Exit and Support Network

Thought-Stopping and Thought-Switching

(To help control agoraphobia)

 

One of the major problems in agoraphobia is the anticipatory thoughts about what "might" happen. People continue to focus on these negative thoughts and seldom examine the real chance of those horrible consequences occurring.

For example, many people fear "going crazy" or losing control, although past experience has shown that this hasn't happened. People inappropriately think they got out just in time or they were just "lucky."

It's this constant obsessing about "what ifs" that soon creates the belief that they are true. It's like brainwashing. If you fed people only one side of an issue, over and over, they will believe it.

Agoraphobia is actually a fear of fear. People are afraid of being afraid. They develop the habit of running or avoiding anytime they feel the feeing of fear.

That's why anticipatory anxiety is such a problem. It creates the feeling of fear and causes people to avoid or turn back long before they have a chance to see that they'll survive. It creates a vicious circle. Unless people can break that circle or prevent it from gathering momentum, it will intensify their tendency to avoid.

arrows going in a circleAnticipatory Thoughts→Anxiety and Physical Symptoms→Increased Fear.

 

This tendency to anticipate negative outcomes becomes a habit. like all habits, it's not easy to break. To break it, people must learn to:

  1. Stop the anticipatory thoughts before they gather momentum.
  2. Replace the thoughts with more rational, positive thoughts.

To accomplish this, they must practice daily thought-stopping and thought-switching techniques. Occasional practice will have little effect in overriding and breaking this negative habit.

Thought-Stopping

The purpose of thought-stopping is to learn how to stop negative anticipatory thoughts before they gather enough momentum to create panic.

Try this experiment. Sit down and begin thinking about something you have to do. As you contemplate this event, allow your mind to think all the negative thoughts it usually does. Notice how your anxiety mounts and your fear increases as you focus on all the "what ifs."

Do it again, only this time:

  1. Put a rubber band on your wrist and allow the thoughts to come into your mind.
  2. As soon as it enters, shout to yourself, "STOP," and then snap the rubber band.
  3. Then "let go." Breathe deeply and divert your attention to something pleasant and neutral. Controlled breathing will help the body to relax during a panic attack. Count to four as you take a slow, deep breath, then release it in a slower, controlled exhalation to the count of eight and repeat this for several cycles. This will help if you are breathing fast or holding your breath.

Whenever you have a disturbing thought, practice the thought-stopping exercise. Frequent practice makes it easier to stop the thoughts. As you go through your daily routine, try to use this method every time. Interrupt the thought as soon as it starts, every time it starts. If you're with other people, say "STOP" silently to yourself.

Thought-Switching

People with agoraphobia develop and practice negative thinking. Learn how to replace negative thoughts with positive, rational thoughts. Here is a list of negative thoughts and positive, coping ones. Recovery depends on reducing anxiety and earning how to cope with it.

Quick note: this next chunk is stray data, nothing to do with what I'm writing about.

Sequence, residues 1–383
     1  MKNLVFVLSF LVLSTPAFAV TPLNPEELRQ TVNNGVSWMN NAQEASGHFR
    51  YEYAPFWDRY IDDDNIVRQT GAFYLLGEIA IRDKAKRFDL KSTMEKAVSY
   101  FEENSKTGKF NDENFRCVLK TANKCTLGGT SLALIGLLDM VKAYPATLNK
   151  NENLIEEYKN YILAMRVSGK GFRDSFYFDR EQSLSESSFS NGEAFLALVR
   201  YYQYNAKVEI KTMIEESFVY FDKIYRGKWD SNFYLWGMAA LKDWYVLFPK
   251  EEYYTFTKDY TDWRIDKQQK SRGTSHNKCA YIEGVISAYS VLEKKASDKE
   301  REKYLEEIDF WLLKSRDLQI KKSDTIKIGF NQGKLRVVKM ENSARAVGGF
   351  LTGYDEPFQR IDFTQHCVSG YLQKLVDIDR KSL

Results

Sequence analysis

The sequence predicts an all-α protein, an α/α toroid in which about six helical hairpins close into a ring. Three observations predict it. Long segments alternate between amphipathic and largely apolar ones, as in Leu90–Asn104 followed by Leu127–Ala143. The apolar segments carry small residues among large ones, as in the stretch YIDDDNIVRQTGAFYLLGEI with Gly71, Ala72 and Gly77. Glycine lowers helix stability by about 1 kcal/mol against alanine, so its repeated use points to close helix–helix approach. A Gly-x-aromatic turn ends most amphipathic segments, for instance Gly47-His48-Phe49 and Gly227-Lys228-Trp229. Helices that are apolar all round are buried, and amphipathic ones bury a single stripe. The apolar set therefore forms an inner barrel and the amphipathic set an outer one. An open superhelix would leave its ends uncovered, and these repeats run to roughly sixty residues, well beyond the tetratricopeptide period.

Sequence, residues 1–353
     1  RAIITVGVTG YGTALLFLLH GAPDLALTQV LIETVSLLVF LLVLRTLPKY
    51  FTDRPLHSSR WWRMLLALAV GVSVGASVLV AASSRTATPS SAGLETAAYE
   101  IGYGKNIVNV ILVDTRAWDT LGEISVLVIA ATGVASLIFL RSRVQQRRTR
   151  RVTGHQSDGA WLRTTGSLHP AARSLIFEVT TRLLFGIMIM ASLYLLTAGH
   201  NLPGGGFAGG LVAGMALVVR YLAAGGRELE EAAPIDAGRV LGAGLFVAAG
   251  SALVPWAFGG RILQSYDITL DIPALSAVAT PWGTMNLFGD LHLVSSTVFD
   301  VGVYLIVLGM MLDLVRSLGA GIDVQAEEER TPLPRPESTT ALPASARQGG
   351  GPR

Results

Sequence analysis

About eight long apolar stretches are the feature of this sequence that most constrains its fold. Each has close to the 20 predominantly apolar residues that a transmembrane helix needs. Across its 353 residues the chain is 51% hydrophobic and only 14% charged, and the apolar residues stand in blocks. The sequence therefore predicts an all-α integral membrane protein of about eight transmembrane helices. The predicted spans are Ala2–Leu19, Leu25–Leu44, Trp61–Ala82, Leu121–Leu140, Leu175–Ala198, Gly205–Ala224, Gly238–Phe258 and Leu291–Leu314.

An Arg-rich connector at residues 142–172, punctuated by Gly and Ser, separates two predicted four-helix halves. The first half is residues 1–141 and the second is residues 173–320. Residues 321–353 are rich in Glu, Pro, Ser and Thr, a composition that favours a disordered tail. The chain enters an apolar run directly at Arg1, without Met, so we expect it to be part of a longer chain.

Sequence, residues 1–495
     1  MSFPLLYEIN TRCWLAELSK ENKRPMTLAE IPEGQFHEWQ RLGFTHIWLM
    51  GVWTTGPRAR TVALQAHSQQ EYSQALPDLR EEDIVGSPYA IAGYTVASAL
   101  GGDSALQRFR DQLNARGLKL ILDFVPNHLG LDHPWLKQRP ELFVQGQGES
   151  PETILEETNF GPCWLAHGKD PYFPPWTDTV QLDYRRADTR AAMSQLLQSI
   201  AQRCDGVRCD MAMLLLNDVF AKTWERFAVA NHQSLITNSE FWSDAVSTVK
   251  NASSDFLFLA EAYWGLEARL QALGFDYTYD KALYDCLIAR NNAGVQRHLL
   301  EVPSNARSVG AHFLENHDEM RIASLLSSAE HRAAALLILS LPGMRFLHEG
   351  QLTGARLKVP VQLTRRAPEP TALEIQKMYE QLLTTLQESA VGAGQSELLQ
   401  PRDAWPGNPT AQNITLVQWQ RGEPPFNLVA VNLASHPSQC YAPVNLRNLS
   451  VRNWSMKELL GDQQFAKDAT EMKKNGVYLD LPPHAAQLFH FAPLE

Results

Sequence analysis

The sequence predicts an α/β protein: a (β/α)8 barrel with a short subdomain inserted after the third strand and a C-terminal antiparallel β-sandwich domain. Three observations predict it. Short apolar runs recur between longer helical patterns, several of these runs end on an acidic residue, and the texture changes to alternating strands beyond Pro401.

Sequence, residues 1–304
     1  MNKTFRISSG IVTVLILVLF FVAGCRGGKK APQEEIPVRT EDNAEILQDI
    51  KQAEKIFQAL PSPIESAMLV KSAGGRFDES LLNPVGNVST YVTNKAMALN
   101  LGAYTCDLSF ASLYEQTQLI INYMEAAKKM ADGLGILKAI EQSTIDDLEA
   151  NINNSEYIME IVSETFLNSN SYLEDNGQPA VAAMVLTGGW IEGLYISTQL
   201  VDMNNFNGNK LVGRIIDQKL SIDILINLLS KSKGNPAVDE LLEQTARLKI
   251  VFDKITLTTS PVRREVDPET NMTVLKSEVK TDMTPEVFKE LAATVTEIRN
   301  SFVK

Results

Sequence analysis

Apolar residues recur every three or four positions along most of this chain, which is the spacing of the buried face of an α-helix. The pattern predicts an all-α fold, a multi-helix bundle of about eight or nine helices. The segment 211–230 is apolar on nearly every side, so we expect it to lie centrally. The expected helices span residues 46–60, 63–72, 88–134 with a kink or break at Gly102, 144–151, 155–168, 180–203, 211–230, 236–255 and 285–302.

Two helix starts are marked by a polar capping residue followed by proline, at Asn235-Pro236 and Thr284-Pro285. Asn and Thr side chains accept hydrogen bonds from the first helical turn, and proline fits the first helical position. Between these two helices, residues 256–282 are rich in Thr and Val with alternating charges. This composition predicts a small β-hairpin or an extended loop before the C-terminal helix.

• I become anxious when I begin to feel lightheaded.
    I may experience these feelings, but I don't have to let them control me. I can choose to stay in the situation in spite of them. I will remember to breathe slowly through my nose.
  • I might faint in public.
    Since I have never fainted in the past, I won't faint now or in the future.
  • What if I panic when I'm in public?
    The panic won't harm me and will pass quickly if I don't fight it. I will say "forget it" or "so what if."
  • I'm afraid I'll have a heart attack.
    It's just anxiety and will pass. I'll focus on what is really happening instead of my irrational thoughts.
  • I'm afraid of going crazy.
    I won't go crazy. I never have in the past. Besides, this isn't how people go crazy.
  • I'm afraid people can tell if I'm having an attack.
    No one can tell. It only seems that way because I feel it so strongly. No one has ever said they noticed. I'll focus on what other people are saying and it'll pass.

How to Use Thought-Switching

  • Write negative thoughts you frequently have on separate cards.
  • On another set of cards, write positive, coping statements about each negative thought.
  • Carry the positive cards around with you--one statement per card.
  • Take ten minutes when you get up in the morning and ten minutes in the afternoon to read the cards and really hear what they say.
  • Periodically during the day, go through the cards when you have a few minutes to spare.
  • Read them one last time before you go to bed.
  • You can also put them on a tape and play it back to yourself as you practice.

This is an amazingly successful technique for reducing your anticipatory anxiety. Positive, rational thoughts interrupt anxiety by getting people to focus on what is real instead of what their negative fantasies tell them. Through practice, the positive, rational thoughts begin to outweigh the negative thoughts. people can cope more effectively.

However, without practice, they'll experience only minor benefit. Patience and practice are the key ingredients.

~Info compiled and posted by Exit & Support Network™
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